We need a relational welfare state

Surian Soosay, CC BY 2.0

We need a ‘relational state’ to get a better (relational) social inclusion. The traditional welfare state was based on an outdated, transactional model that should be replaced by a new societal configuration characterized by being shared, associational and relational. We need a truly responsive societal organization that builds the capabilities of all relying upon a new framework that values and builds welfare on social relationships. A form of welfare that understands that a social issue stems from a factual configuration of the social relations between people and not in their individual resources; that loneliness makes you sick and eventually kills; that personal insecurity or poverty depends on the lack of a reliable social network surrounding you; that you need someone to stand by your side when you have grown up in a community that no longer remembers decent work and you are confronting all the problems of violence, depression and anxiety that go along with this.

A relational welfare is not just an idea. Its basic principle is to provide better civic welfare, sustainable primary care, and to solve a number of practical ordinary tasks, through the building of rich social networks empowering the people involved in a difficult condition. A relational approach defines not just the goals but the way people can get there. Relationships are the glue that keep people together and the relational state can build public services that foster good relationships. For instance, a service can create opportunities for those seeking work, by providing someone to vouch for you, to support you, and reflect with you. It will build a social network around you within this framework, including the support for the small businesses that will drive job creation.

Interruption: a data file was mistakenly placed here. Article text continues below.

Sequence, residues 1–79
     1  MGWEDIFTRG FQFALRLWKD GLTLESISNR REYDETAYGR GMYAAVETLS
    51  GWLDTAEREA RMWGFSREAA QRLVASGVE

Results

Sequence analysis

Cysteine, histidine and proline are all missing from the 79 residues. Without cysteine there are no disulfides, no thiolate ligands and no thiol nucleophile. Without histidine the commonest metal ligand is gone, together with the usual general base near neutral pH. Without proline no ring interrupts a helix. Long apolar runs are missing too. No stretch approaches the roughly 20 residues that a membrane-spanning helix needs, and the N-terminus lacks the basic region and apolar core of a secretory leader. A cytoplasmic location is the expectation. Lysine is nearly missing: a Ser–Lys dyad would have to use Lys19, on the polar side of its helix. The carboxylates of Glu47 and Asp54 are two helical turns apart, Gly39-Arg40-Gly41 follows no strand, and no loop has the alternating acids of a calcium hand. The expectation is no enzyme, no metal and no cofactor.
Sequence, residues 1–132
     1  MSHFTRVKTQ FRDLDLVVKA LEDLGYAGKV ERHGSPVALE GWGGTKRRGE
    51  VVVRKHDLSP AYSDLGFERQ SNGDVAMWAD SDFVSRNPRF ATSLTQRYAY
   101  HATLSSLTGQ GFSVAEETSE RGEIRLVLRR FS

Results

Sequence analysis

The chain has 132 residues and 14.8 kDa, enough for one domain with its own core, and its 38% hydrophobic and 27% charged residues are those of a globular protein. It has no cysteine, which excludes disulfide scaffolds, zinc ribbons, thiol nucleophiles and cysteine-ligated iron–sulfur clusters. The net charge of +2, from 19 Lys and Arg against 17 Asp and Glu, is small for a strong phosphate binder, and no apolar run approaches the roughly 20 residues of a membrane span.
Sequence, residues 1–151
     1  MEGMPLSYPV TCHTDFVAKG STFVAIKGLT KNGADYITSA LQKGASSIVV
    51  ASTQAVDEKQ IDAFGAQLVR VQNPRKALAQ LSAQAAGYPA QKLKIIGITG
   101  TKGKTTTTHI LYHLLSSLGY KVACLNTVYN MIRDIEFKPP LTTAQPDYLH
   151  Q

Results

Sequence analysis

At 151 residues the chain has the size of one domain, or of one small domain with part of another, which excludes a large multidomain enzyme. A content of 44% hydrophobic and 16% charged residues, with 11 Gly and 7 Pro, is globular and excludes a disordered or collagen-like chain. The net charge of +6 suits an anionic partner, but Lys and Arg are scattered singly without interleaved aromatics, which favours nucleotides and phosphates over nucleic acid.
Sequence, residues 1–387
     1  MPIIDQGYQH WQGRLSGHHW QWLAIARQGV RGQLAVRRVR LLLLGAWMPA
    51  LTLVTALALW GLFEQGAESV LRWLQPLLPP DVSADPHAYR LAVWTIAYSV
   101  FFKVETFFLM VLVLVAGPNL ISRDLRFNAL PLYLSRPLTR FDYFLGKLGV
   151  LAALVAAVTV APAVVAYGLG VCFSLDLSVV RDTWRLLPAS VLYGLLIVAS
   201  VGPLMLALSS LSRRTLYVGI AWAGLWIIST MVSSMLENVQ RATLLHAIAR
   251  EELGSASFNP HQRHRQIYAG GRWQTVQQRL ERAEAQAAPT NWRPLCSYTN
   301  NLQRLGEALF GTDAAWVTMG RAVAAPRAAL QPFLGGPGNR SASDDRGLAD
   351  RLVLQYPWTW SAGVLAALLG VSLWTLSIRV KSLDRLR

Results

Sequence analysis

There are some major areas where scholars should set out their ideas more fully. The first is how people working in public services can be supported to acquire the skills required by the relational state. The skills and capabilities of people working in a relational state will be different to those in the ‘delivery state’. There are plenty of new local initiatives showing the ability to empathise, communicate, listen and mobilise networks of stakeholders (citizens, professionals, public and private organizations, thirs sector associations) to achieve social goals. We need to identify new roles that staff will play in twenty-first century public and private services (‘catalyzers’, ‘navigators’, ‘brokers’, ‘storytellers’, ‘resource-weavers’, ‘activators’) as part of a process of supporting citizens to be co-authors of their own lives. Social workers should be trained in learning new methodologies of relational work. Supporting professionals in acquiring these skills and building effective relationships is a key challenge, but one which professional bodies, universities and service providers are not yet well set up to meet. They need a new approach to welfare that can be called ‘ODG steering system of welfare’, operating through a relational observation (O), a relational diagnosis (D) and a relational guidance (G) of social issues.

A second area where more development would be useful is on how the emphasis on relationships will intersect with an outcomes-focus. Concrete outcomes – less poor people, fewer families in crisis, less unemployment for instance – can be pursued provided that we understand how to manage relational feedbacks instead of mechanical (positive/negative) feedbacks. In fact, we can talk of relational outcomes as a new configuration of relations, achieved through relational steering, leading to the resolution of a social problem. Relational outcomes can be measured, although with different methodologies in respect to quantitative performances. The complex links between social relationships, outcomes and culture can be investigated within the new framework of social morphogenesis.